What is dermatitis?
Dermatitis is a general term for skin inflammation. The skin will typically
appear dry, swollen, and red. The condition can have many causes, but it’s not
Dermatitis can be uncomfortable for some. How itchy your skin may feel can
range from mild to severe. Certain types of dermatitis can last a long time, while
others may flare up, depending on the season, exposures, or stress. Some types
are more common in children, and others are more common in adults. You may find
relief from dermatitis with medications and topical creams.
Contact your doctor for an appointment if your skin is infected, painful, or
uncomfortable, or if your dermatitis is widespread or isn’t getting better.
What are the
symptoms of dermatitis?
The symptoms of dermatitis range from mild to severe and will look different
depending on what part of the body is affected. Not all people with dermatitis
experience all symptoms.
In general, the symptoms of dermatitis may include:
- dry, cracked skin
- itchy skin
- painful skin, with stinging or burning
Types of dermatitis
Here are the most common types of dermatitis:
- Atopic dermatitis, or eczema,
is usually inherited and develops during infancy. Someone with eczema likely
has rough patches of dry, itchy skin.
- Contact dermatitis occurs when a
substance touches your skin and causes an allergic reaction or irritation. These
reactions can develop further into rashes that burn, sting, itch, or blister.
- In dyshidrotic dermatitis, the skin can’t
protect itself, resulting in itchy, dry skin, often with small blisters. This occurs
mainly on the feet and hands.
- Seborrheic dermatitis, also known as cradle cap
in babies, is most common on the scalp. It can cause scaly patches, red skin,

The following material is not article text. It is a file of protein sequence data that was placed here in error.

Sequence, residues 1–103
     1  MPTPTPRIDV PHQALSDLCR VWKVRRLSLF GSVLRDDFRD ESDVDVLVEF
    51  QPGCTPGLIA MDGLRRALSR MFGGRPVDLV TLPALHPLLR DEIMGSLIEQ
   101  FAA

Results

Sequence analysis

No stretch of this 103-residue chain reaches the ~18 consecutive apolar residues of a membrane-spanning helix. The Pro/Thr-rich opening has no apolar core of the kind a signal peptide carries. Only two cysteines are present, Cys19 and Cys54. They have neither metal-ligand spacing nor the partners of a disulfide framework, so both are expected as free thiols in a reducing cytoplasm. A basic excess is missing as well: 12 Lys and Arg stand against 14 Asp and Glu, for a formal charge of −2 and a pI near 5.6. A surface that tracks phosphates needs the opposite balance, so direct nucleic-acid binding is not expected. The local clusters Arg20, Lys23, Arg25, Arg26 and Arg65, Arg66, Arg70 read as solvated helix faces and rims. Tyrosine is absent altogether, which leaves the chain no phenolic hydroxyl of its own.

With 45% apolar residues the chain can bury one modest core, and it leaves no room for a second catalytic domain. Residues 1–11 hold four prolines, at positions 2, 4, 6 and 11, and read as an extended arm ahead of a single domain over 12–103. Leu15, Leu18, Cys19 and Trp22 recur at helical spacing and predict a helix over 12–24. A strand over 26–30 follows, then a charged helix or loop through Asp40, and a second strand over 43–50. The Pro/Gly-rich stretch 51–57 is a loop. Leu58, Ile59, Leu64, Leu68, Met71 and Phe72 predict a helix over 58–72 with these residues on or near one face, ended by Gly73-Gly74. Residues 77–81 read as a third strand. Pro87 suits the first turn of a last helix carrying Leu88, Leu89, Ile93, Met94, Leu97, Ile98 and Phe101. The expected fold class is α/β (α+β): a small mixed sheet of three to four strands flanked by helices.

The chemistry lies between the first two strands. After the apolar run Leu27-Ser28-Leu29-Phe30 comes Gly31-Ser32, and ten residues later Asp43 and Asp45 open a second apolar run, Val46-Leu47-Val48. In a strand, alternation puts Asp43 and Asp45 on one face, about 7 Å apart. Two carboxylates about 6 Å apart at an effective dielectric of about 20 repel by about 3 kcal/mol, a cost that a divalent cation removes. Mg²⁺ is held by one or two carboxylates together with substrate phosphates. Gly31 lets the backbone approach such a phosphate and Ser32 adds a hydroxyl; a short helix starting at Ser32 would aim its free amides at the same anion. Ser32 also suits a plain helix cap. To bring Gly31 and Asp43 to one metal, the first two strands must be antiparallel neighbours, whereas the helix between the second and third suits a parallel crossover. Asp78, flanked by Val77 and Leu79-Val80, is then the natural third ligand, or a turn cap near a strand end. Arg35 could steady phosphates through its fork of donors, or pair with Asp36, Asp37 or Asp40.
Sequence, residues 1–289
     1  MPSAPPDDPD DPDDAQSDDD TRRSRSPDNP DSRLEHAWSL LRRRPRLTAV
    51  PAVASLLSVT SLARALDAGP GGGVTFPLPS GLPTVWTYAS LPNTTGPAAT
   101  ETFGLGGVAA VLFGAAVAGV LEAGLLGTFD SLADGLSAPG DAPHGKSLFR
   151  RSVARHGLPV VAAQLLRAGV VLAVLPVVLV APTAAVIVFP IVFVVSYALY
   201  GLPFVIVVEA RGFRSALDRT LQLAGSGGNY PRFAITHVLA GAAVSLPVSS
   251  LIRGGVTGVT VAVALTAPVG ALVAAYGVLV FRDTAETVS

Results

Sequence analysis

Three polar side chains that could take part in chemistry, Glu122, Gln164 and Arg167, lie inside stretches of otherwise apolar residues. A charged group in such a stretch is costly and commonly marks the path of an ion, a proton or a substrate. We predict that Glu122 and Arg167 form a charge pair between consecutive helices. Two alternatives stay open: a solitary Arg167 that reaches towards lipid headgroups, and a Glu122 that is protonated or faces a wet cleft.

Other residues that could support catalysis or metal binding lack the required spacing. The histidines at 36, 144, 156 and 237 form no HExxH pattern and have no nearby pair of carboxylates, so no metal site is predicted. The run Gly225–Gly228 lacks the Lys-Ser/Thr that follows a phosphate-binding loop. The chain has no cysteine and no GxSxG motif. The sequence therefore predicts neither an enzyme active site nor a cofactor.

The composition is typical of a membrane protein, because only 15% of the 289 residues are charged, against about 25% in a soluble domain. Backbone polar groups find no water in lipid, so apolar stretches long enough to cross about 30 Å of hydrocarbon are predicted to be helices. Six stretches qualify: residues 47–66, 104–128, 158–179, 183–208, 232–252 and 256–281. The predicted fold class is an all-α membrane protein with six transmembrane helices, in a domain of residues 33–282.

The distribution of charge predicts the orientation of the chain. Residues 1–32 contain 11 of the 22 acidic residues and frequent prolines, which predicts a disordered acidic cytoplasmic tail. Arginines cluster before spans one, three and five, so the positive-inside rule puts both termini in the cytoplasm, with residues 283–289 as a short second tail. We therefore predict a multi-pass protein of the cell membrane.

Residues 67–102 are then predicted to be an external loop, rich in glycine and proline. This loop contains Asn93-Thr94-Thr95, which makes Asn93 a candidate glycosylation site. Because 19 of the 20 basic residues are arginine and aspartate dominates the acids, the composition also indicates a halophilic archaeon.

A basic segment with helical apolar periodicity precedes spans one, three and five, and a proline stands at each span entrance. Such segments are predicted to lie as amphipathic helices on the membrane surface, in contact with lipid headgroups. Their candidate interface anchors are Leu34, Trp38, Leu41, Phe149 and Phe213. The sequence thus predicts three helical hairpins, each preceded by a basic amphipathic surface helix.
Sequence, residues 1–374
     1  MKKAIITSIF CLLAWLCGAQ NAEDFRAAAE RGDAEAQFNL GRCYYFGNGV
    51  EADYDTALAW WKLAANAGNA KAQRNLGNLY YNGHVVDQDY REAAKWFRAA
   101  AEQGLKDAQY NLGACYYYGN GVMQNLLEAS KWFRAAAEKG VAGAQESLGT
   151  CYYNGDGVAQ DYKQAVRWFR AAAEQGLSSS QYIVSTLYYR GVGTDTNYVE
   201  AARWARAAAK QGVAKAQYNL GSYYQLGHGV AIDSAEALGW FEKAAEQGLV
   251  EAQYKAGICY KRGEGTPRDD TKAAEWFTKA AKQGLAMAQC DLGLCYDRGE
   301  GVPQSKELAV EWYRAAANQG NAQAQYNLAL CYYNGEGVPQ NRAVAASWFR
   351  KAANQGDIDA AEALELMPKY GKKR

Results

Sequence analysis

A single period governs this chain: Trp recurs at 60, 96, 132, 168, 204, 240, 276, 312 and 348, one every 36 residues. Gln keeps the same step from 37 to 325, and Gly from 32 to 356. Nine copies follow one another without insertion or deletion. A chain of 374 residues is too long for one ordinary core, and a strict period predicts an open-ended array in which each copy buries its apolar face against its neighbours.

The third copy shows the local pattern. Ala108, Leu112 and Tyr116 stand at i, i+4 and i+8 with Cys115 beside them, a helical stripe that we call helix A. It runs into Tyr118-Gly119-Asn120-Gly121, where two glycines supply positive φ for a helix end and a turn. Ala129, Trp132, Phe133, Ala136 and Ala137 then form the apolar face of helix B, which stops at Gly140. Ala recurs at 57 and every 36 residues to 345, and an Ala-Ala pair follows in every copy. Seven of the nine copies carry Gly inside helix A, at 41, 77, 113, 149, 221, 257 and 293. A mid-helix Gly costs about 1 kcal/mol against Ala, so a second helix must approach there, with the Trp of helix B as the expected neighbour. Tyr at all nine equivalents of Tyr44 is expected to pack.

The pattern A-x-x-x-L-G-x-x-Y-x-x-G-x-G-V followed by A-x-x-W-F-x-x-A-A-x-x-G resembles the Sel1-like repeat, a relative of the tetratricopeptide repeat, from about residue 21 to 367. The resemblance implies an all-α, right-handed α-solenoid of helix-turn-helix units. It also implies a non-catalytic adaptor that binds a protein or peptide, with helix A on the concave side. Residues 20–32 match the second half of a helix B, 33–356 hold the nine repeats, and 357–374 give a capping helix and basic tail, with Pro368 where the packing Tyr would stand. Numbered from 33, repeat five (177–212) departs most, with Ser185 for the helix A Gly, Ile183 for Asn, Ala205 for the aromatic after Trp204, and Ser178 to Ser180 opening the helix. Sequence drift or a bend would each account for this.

and dandruff, and it can also occur on other areas of the skin, such as the
face or chest.
Other types of dermatitis include the following:
- Neurodermatitis involves an itchy patch often
triggered by stress or something irritating the skin.
- Nummular dermatitis involves oval sores on the
skin and often occurs after injury to the skin.
- Stasis dermatitis involves skin changes due to
poor blood circulation.
The causes of dermatitis vary depending on the type of dermatitis:
- Contact dermatitis occurs when you come in
direct contact with an irritant or allergen. Common things that cause allergic
reactions include detergents, cosmetics, nickel, poison ivy, and oak.
- Eczema is caused by a combination of factors
like dry skin, environmental setting, and bacteria on the skin. It’s often
genetic, as people with eczema often have a family history of eczema, allergies,
- Seborrheic dermatitis is likely caused by a
fungus in the oil glands. It tends to get worse in the spring and winter. This
type of dermatitis also appears to be genetic for some people.
- Stasis dermatitis occurs due to poor circulation
in the body, most commonly the lower legs and feet.
Certain things can trigger dermatitis and cause symptoms to flare, such as
- hormonal changes
- the environment
- irritating substances
Some types, such as dyshidrotic eczema, neurodermatitis, and nummular
dermatitis may have unknown causes.
are the risk factors for dermatitis?
Factors that increase your chances of getting dermatitis include:
- the environment
- a family history of dermatitis
- health conditions
Some factors increase your risk for certain types of dermatitis more than